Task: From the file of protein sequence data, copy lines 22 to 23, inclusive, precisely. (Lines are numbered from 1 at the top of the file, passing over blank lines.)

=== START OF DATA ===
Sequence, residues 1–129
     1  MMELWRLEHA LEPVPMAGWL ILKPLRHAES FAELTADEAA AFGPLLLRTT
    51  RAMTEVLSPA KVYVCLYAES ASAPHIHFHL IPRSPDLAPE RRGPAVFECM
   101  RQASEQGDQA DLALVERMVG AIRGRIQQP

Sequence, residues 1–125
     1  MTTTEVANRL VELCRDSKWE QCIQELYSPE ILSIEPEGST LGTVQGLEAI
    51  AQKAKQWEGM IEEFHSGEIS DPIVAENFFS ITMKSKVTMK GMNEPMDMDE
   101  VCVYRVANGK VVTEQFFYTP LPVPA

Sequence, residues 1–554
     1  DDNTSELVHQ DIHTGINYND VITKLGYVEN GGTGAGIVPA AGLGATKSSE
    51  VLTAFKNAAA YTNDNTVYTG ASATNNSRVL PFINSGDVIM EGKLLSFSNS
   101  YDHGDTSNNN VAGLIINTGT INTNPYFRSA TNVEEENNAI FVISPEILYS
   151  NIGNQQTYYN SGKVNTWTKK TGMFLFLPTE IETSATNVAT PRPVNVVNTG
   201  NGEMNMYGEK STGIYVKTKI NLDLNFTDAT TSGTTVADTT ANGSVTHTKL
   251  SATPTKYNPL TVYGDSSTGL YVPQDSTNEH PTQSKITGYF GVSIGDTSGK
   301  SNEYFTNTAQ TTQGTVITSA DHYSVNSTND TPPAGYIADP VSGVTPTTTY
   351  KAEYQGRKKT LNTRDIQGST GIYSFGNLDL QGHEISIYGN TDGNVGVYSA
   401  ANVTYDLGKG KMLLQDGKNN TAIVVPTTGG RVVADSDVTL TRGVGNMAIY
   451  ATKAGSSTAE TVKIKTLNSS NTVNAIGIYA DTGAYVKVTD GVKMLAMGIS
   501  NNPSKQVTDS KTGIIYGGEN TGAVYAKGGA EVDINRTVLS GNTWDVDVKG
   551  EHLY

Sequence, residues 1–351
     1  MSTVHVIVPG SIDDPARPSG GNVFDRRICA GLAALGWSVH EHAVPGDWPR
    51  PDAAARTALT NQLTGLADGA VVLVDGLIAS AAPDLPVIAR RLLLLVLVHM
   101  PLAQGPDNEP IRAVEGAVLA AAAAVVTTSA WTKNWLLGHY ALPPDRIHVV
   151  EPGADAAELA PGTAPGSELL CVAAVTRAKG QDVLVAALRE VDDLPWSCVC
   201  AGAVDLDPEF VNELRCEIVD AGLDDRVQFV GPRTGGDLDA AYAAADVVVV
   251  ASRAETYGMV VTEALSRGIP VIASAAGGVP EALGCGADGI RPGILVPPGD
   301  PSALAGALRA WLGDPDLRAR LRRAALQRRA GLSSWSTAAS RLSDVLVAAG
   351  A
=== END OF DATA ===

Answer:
Sequence, residues 1–351
     1  MSTVHVIVPG SIDDPARPSG GNVFDRRICA GLAALGWSVH EHAVPGDWPR